CAUGHT!

Between the longing for love and the struggle for the legal tender…

In 1976, when Jackson Browne’s song The Pretender came out, I was 18 with a bullet.

That is to say, I thought I could do any and everything (except, because I had had diabetes since I was 13, be an astronaut). I spent the summer working in a factory. Not the worst job I’ve ever had, but not exactly what I wanted.

That autumn, I entered the University of Minnesota, ultimately graduating with a BA in sociology. From there, I went in 1981 to the University of Chicago, where I earned an MA in sociology and advanced well on toward my PhD in the same, met and married T, and we had our first child. We moved to upstate New York, where we began teaching and I discovered that I might not be cut out to be an academic. I became a software engineer instead, a cowboy riding the range of the early World Wide Web before Windows 95. When the company was sold, and most of my department laid off (I was one of the survivors) I left with my family to celebrate the end of the millennium in Wisconsin, where I continued to do software work. Then that company was sold, and I decided to go to law school, dragging my family back to the East Coast.

I graduated.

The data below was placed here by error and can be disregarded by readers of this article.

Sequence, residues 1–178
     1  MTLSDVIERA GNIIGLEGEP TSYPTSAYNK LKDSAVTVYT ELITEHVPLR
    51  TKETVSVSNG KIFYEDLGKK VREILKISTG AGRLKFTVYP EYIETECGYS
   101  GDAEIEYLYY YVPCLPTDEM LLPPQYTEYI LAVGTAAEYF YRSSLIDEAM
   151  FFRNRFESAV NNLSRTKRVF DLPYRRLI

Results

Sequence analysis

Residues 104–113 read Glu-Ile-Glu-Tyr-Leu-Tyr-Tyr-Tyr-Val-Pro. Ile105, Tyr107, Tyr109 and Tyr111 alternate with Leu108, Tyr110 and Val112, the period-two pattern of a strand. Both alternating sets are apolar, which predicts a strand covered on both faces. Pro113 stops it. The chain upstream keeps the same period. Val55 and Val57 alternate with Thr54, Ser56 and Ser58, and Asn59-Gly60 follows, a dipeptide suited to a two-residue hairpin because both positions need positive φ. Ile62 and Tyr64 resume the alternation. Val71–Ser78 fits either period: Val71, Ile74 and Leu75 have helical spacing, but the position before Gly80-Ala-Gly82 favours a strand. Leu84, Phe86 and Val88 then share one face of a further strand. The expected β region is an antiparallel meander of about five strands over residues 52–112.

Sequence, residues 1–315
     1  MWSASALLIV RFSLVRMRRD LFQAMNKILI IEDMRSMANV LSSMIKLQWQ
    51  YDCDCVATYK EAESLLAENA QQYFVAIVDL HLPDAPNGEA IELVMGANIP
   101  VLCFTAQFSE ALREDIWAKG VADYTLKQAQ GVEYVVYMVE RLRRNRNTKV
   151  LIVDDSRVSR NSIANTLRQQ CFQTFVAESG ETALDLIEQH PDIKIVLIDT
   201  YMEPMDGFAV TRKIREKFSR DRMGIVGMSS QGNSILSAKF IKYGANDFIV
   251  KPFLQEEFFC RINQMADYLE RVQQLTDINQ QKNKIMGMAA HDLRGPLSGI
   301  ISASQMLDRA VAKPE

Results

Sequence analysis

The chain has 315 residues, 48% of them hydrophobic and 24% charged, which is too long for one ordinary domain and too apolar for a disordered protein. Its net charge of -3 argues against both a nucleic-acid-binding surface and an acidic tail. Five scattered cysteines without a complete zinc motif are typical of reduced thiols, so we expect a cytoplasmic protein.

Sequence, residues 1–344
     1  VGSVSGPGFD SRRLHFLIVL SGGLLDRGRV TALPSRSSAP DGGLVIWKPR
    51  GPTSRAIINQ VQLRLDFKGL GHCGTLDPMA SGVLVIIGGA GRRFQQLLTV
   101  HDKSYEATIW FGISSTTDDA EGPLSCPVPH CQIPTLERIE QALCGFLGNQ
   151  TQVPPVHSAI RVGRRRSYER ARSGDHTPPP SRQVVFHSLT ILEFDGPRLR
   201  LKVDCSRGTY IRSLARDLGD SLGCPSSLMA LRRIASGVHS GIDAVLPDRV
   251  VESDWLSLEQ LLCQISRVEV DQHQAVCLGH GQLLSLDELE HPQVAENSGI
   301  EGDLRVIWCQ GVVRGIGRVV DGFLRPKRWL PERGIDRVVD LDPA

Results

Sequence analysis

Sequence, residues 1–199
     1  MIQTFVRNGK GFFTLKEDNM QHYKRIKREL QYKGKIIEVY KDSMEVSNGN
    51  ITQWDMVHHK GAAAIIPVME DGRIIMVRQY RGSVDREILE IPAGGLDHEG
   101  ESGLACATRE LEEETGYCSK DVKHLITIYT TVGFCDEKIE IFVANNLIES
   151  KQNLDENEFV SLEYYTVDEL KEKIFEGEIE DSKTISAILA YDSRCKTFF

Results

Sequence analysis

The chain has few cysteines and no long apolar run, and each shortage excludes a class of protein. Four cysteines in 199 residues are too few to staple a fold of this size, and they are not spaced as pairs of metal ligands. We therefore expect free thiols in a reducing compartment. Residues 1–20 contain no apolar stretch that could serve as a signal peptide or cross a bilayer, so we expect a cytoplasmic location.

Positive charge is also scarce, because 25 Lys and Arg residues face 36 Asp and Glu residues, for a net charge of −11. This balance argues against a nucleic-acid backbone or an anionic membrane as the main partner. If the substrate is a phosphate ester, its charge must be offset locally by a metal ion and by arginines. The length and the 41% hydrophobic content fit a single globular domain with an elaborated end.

I went to work as a legal assistant.

I passed the bar.

I kept working as a legal assistant.

I hated my job.

I finally quit.

I’m happy.  Relatively poor, but happy.

The impetus for this whole post comes from some Ted Talks and commentary I was listening to this afternoon on NPR. One of the commentators was pointing out that it wasn’t until the advent of the factory as a model of production that we began to believe that people were solely motivated to work by money.

I am now in the midst of my third or fourth or fifth career, depending on how you want to count. I don’t work in a factory any more. And I don’t work as a legal assistant.
I am an attorney at the beginning of my career, an experienced mediator, a sometime website builder and maintainer, a freelance bicycle mechanic and photographer, a musician, a philosopher and blogger.

Karl Mark once observed that an ideal society would be one which

makes it possible for me to do one thing today and another tomorrow, to hunt in the morning, fish in the afternoon, rear cattle in the evening, criticize after dinner, just as I have a mind, without ever becoming hunter, fisherman, shepherd or critic.

I have a secret for you. We live in that world today. No, it’s not a way to get rich. But I do think that we live in a world where it’s possible to pursue the longing for love, and spurn the struggle for the legal tender.

Dirty Harry once asked a punk if he “felt lucky.” Yeah. I do.

It’s not about the money.

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